2. experience - 8 (philosophical) a: the act or process of perceiving or apprehending «experience is a matter of the interaction of organisms with its environment, an environment that is human as well as physical, that includes the materials of tradition and institutions as a well as local surroundings - John Dewey» c: the discriminative reaction or the nonconscious response of an organism to events or happenings within its environment.
I like the definitions of experience very much and I feel more confident in calling the Timepiece a chart of all humanity's experience.
Now in talking on the phone with Sue Dixon the last two nights, a lot of new insight has come to light. This note will try to relate all the various ideas that we discussed, and in turn many of these points will be discussed in depth in subsequent notes.
I started by asking Sue if there is an historiographical term describing/explaining the concept that every time there is a major change/occurrence in history there is an equal/symmetrical ending of something that is of equal weight and importance. I explained to Sue that I was beginning to see that just such a conceptual process is almost like standard operating procedure in the Timepiece.
She replied that she could not off hand say that such a conceptual approach has a name, or even if the concept itself has any presence in current or past historiographical discourse, however, she did relay a teaching experience (a medieval history course I believe) that quite often when she was presenting a new direction and/or major breakthrough in Medieval art, the students would want to know what happened to the old guard. She mentioned that it actually became trendy for students to ask such questions.
I went on to talk about other aspects of the Timepiece like the circle/square junctures, but I spoke specifically about 1492 occurring at the very end of the upper hip bones (the end of the line for the legs and feet, and the last outer skeletal structure until right around now--c.2000 AD--with the arrival of the lower tips of the rib cage). I told Sue basically what I wrote in note 206. The year 1492 rang a bell in her head about some occurrence in the Middle East, and then remembered she was thinking about the fall of Constantinople to the Turks. (The Turks final assault on Constantinople began May 29, 1453.) With the Timepiece in mind, I made the connection of the ultimate end of the Roman Empire, the closing of the east to Europeans, and the opening of the West (namely the Americas).
On the second night of conversation, Sue corrected the date of the fall of Constantinople from 1492 to 1453, but went on to mention that the Turks by 1492 were busy taking over the Balkans, specifically Bosnia and Herzegovina, areas of the world that are today very much in the news. My immediate response was "the bones are coming back." I was referring to the present (c.2000 AD) appearance of the very bottom tips of the rib cage--the first appearance of an outer skeletal structure since the ending of the hip bones in c. 1492).
I will now add some extended thoughts to this interesting symmetry of events. I find it interesting that there is a strong geographical unity between where the hip bones end and where the rib cage begins. Thinking about this coincidence gives one a good bit to go on when thinking about the future and the time to come as the rib cage manifests into its full realization. This hip/rib connection especially brings to mind my personal idea/observation that in one's own creative development, one has to always begin where one left off, and that this idea holds true no matter how long an interval of inactivity there may have been. I'm not going to belabor this point any further except to say that it does help along the story of the Timepiece, and especially the fact that in looking at the Timepiece one can see both the past and the future.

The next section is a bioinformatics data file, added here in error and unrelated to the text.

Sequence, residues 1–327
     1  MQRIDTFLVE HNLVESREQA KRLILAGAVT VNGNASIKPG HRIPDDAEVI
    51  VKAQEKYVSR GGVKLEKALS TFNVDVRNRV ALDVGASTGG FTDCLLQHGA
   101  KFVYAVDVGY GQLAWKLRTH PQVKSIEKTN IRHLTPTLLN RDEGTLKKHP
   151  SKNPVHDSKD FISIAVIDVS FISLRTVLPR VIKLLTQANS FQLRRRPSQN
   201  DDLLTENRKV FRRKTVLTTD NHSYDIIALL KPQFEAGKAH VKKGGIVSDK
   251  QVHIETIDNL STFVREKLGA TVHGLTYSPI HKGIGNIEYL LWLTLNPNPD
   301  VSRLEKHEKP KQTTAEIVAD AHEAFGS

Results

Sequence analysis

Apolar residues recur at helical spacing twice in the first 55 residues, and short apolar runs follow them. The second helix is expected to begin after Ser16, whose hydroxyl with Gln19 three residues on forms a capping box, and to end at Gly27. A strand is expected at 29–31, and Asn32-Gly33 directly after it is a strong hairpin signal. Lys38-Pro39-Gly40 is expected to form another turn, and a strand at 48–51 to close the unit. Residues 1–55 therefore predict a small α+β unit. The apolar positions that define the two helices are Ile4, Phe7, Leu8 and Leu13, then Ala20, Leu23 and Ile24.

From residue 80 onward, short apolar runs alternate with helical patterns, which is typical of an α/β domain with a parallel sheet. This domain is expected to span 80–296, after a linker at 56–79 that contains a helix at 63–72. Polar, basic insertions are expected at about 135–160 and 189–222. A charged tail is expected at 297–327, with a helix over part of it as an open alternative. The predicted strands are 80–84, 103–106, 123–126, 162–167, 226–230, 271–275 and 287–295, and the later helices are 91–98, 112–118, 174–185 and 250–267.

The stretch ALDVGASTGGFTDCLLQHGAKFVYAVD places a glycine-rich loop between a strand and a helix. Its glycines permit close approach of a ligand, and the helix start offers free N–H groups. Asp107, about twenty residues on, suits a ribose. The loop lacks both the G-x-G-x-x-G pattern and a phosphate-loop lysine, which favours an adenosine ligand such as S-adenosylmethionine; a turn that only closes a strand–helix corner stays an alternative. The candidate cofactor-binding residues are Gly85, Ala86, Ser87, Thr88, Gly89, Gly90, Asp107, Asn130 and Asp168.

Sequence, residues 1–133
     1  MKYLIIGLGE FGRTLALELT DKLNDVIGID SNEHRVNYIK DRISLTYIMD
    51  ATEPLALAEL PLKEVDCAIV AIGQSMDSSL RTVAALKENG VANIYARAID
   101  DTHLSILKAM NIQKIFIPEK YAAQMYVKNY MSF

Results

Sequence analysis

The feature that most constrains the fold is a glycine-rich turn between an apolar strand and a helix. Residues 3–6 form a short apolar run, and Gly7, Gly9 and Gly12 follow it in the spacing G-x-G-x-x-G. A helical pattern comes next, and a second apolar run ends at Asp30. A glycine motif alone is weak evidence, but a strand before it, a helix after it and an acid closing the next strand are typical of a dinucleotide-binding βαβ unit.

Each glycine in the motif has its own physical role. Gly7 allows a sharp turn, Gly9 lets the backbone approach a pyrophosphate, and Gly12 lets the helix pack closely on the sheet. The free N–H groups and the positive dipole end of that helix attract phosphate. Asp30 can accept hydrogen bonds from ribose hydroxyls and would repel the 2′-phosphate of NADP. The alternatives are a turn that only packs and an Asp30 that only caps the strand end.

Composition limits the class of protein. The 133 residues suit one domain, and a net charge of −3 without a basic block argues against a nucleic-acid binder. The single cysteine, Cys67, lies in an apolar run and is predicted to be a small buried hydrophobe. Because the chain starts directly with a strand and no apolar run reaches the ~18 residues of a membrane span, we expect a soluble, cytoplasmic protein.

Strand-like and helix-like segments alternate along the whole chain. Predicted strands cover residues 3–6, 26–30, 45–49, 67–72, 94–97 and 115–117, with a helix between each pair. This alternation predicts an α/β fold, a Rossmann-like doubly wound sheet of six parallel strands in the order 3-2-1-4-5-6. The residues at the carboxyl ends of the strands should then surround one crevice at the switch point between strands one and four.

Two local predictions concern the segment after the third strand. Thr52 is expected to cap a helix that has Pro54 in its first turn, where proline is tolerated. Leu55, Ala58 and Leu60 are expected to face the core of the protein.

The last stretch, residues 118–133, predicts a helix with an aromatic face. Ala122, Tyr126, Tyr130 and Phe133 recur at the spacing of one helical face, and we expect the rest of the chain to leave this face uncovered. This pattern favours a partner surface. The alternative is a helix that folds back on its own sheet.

On the second night of my conversation with Sue Dixon we talked mainly about Piranesi, and especially his role as a proto-metabolic thinker/designer/etc. In the previous nights conversation we discussed the plurality and the assimilation/metabolism mix of our present time (see note 201). While thinking during the day between our two conversations, it dawned on me more clearly that that some physical manifestation of metabolism has been around since the appearance of the kidneys (from 1700 to 1800) (again see note 201). It also dawned on me that Piranesi spans exactly the same period as the beginning of metabolism.
I asked Sue if she would agree that what Piranesi did (especially) in the Ichnographia of the Campo Marzio was to metabolize Roman architecture. After Sue asked me to again define metabolism, she then wholeheartedly agreed that metabolizing was exactly what Piranesi was doing, but not only in the Campo Marzio. Sue immediately talked about Piranesi's chimney pieces and candelabra as designs composed through a breaking down and re-combination of many disparate historical elements.
To further the discussion and as an aside, I mentioned that I believe that the early modern movement in architecture falls much more in the camp of assimilation (absorption and purging), and that only in some (perhaps rare) cases did modern architecture reach the metabolic camp, e.g., I believe Le Corbusier's late architecture is a prime example of how an architect can make the transition from assimilation to metabolism.
Art that can be construed as supporting LGBTQ+ rights